Assisted reproductive technology in Australia and New Zealand 2015

image - ANZARD 2015 Report Front Cover
Assisted reproductive technology (ART) is a group of procedures that involve the in vitro (outside of body) handling of human oocytes (eggs) and sperm or embryos for the purposes of establishing a pregnancy. Each ART treatment involves a number of stages and is generally referred to as an ART treatment cycle. The embryos transferred to a women can either originate from the cycle in which they were created (fresh cycle) or be frozen and thawed before transfer (thaw cycle).
There were 77,721 ART treatment cycles reported from Australian and New Zealand clinics in 2015 (71,479 and 6,242 respectively) representing a 5.6% increase in Australia and 6.0% increase in New Zealand on 2014. This represented 14.4 cycles per 1,000 women of reproductive age (15–44 years) in Australia, compared with 6.5 cycles per 1,000 women of reproductive age in New Zealand. Women used their own oocytes or embryos (autologous cycles) in 94.5% of treatments. Embryos that had been frozen and thawed were used in 37.4% of autologous cycles.
There were 39,006 women who undertook 73,481 autologous fresh and/or thaw cycles in Australia and New Zealand in 2015. On average, 1.9 fresh and/or thaw cycles per woman were undertaken in 2015, with more cycles per woman in Australia (1.9 cycles per woman) than in New Zealand (1.6 cycles per woman). The number of cycles where embryos were selected using preimplantation genetic testing (PGT) increased from 3,488 in 2014 to 5,773 in 2015 (65.5% increase)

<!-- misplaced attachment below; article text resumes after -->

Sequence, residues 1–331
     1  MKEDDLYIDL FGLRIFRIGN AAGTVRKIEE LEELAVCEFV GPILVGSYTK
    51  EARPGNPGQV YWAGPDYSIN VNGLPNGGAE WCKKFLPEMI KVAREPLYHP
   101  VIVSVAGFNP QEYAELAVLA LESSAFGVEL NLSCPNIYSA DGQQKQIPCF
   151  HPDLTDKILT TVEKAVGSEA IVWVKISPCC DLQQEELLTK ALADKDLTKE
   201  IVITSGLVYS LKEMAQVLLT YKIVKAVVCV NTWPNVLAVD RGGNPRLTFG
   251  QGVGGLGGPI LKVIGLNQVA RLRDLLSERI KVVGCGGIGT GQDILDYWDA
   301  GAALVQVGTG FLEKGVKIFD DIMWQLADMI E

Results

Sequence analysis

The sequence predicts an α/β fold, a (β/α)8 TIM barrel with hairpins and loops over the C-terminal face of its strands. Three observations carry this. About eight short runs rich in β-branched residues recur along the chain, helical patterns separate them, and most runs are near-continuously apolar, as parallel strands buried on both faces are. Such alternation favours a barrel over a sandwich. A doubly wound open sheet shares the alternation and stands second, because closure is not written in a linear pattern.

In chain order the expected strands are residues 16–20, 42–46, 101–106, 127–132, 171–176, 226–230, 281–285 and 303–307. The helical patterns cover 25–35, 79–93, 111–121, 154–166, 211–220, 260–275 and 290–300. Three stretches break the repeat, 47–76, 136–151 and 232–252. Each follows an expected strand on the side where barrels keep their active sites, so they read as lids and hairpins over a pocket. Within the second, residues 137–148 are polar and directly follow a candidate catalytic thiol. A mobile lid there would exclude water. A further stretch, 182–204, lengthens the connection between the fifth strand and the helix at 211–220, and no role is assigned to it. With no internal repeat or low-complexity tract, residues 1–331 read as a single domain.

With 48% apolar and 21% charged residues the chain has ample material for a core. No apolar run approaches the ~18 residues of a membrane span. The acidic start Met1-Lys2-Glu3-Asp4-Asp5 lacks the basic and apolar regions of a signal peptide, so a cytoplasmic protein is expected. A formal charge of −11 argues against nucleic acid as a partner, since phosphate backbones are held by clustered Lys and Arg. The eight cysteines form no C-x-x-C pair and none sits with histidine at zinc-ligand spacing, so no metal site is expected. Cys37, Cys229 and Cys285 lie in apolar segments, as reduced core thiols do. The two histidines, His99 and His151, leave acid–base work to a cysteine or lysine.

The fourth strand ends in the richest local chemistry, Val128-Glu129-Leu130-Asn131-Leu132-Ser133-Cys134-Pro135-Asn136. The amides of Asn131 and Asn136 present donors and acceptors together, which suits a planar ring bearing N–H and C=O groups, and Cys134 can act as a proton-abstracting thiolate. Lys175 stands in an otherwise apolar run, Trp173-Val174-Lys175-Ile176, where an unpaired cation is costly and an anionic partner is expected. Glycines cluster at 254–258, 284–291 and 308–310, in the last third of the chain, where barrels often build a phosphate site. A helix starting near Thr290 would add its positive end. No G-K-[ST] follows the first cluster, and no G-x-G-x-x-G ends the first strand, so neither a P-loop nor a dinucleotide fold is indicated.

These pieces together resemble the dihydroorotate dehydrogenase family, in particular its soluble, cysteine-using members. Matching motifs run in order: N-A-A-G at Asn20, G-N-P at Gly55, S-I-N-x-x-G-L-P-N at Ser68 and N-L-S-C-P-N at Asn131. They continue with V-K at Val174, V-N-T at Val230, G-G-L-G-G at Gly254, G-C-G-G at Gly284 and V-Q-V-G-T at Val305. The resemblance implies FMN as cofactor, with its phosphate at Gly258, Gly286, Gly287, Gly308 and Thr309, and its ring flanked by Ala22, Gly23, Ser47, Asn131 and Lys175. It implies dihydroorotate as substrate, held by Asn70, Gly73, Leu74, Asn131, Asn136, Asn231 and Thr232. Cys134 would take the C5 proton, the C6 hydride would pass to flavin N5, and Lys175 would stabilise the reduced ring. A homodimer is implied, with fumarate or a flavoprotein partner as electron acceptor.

Over the last five years there has been an increasing trend in the proportion of cycles where all oocytes or embryos are cryopreserved for potential future use (freeze-all cycles) from 5.0% of initiated fresh cycles in 2011 to 17.2% of initiated fresh cycles in 2015. This practice is used for a variety of reasons, including reducing the risk of ovarian hyperstimulation syndrome (OHSS), improving endometrial - embryo synchronicity, as part of a PGT cycle, for fertility preservation, or as a deliberate treatment option used by some clinicians.
Patient’s age
The average age of women undergoing autologous cycles was 35.8 years in 2015, similar to previous years. The average age of women undergoing ART treatment using donor oocytes or embryos was approximately five years older at 40.6 years. Approximately, one in four (24.8%) women who underwent an autologous cycle in 2015 were aged 40 or older. The average age of the male partner of the women undergoing autologous and recipient cycles was 38.1 years, with one-third (33.8%) aged 40 or older.
Treatment outcomes and number of babies
Of the 77,721 initiated cycles, 63,848 (82.2%) resulted in either an embryo transfer or all oocytes/embryos being cryopreserved. Of the initiated cycles, 22.8% (17,726) resulted in a clinical pregnancy and 18.1% (14,040) in a live delivery. The overall clinical pregnancy rate for cycles reaching embryo transfer was 31.9%. The live delivery rate per initiated autologous fresh cycle was 17.0% after freeze-all cycles were excluded. The live delivery rate for fresh cycles reaching embryo transfer was 23.7%. The live delivery rate per initiated autologous thaw cycle was 25.3% and for thaw cycles reaching embryo transfer cycle was 26.8%.